The Rolls-Royce used in the film was a pale blue 1931 Phantom II Barker sedanca de ville, which MGM technicians covered with twenty coats of yellow paint; a few coats of black were added to the top of the hood, the roof, and the wings.
In October 2003, the Chicago Tribune reported that the yellow Rolls-Royce is owned by Neal Kirkham of Saratoga, California.
The winding mountain road on which Ingrid Bergman and Oman Sharif head to Yugoslavia in this film's third segment was also the location for another car scene that same year: The race between James Bond's Aston-Martin and a red Mustang in Goldfinger.
This was Joyce Grenfell's final film before her death on November 30, 1979, at the age of sixty-nine.
Moira Lister was infuriated when Rex Harrison insisted that most of her lines be cut, and they were.
Very odd casting choices: French Moreau plays English aristocrat. Egyptian Sharif plays Yugoslav freedom fighter. French Delon plays Italian photographer. Swedish Bergman plays American grande dame.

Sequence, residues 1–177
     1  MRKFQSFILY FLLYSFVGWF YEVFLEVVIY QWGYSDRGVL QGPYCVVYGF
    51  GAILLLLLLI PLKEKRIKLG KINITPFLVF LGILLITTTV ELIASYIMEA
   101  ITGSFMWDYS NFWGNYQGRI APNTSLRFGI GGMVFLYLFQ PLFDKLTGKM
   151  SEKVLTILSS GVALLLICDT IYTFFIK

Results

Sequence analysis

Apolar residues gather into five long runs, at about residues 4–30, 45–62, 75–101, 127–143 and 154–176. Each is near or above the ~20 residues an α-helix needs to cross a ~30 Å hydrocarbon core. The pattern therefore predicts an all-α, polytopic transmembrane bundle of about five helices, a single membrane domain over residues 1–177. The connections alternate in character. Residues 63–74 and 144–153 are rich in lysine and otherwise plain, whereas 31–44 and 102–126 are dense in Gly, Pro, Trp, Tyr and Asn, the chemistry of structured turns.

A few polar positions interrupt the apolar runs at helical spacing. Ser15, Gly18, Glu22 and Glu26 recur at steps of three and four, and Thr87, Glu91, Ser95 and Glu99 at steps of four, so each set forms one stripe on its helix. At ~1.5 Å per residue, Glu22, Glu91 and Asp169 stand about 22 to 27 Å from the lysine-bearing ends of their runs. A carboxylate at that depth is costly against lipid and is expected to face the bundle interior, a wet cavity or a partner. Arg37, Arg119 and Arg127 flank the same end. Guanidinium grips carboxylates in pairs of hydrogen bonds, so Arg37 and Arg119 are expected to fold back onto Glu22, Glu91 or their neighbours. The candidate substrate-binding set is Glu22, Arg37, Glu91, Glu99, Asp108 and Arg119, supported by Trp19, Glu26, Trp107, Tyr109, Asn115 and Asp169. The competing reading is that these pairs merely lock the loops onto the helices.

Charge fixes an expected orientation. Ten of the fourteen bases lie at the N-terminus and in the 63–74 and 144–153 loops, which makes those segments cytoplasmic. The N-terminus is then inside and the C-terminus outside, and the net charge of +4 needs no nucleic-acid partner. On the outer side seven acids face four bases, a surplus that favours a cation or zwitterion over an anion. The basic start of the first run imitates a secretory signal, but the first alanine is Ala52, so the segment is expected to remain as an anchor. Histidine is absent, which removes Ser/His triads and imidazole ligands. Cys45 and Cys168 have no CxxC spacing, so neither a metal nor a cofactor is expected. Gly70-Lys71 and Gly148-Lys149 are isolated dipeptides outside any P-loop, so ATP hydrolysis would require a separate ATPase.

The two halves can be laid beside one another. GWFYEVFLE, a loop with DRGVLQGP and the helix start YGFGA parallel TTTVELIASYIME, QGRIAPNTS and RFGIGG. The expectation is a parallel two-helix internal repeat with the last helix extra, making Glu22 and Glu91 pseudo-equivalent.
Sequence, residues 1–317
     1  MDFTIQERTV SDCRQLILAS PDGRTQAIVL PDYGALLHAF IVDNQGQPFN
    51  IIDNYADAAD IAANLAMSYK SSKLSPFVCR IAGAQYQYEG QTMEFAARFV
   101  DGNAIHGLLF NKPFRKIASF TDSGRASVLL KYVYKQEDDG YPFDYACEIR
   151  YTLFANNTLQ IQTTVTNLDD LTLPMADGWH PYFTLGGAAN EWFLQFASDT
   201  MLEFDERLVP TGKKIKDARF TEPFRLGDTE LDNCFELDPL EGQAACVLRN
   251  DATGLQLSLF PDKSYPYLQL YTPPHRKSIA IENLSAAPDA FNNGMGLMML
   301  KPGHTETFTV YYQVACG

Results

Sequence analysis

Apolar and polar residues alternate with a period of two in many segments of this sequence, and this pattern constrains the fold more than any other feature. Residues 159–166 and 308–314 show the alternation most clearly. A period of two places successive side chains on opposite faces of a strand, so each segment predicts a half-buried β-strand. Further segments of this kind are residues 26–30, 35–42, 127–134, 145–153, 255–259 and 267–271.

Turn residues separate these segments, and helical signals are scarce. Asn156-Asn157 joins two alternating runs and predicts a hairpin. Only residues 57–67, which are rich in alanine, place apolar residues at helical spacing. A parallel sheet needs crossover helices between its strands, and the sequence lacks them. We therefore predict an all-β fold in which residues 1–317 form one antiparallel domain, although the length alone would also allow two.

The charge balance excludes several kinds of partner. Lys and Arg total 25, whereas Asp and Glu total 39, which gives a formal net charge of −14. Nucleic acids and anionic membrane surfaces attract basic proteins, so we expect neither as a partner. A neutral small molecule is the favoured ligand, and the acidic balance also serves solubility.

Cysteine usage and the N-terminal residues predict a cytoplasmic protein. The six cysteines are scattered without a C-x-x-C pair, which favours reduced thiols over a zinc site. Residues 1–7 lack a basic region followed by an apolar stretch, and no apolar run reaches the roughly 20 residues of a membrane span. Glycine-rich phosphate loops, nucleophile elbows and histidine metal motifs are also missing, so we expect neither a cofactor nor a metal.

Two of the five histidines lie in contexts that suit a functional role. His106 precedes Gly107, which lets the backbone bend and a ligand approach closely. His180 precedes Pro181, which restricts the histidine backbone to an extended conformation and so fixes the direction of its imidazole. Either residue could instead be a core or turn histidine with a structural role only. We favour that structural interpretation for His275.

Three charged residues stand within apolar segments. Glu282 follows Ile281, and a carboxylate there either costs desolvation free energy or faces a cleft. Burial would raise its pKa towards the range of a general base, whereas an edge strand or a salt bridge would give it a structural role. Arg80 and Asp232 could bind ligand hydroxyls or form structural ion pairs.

This was Anthony Asquith's final film as a director before his death on February 20, 1968, at the age of sixty-five.
A decade before his decidedly secondary role in this film, Edmund Purdom had signed a long-term contract with M-G-M and was being touted by Hollywood gossip columnist Hedda Hopper as "The most exciting new leading man of the year!" But then his highest profile (and most expensively budgeted) film The Egyptian bombed at the box office, and Purdom's private life began to be an issue - he openly admitted to having an extramarital affair with Linda Christian (the wife of Tyrone Power at the time). He was deemed to have "gone Hollywood" in record time, and soon returned to Europe, where his career lasted decades, but never achieved the real stardom those early years seemed to promise.
Hugh O'Brian and Ann-Margret were originally lined up for the roles of Stefano and Mae Jenkins, respectively.
This film's writer and director, Terrace Rattigan and Anthony Asquith, collaborated on several films. When this film was green-lighted, they had just had their biggest box office success, The VIPs, which co-starred Liz Taylor with Richard Burton, and won a Best Supporting Actress Oscar for Margaret Rutherford.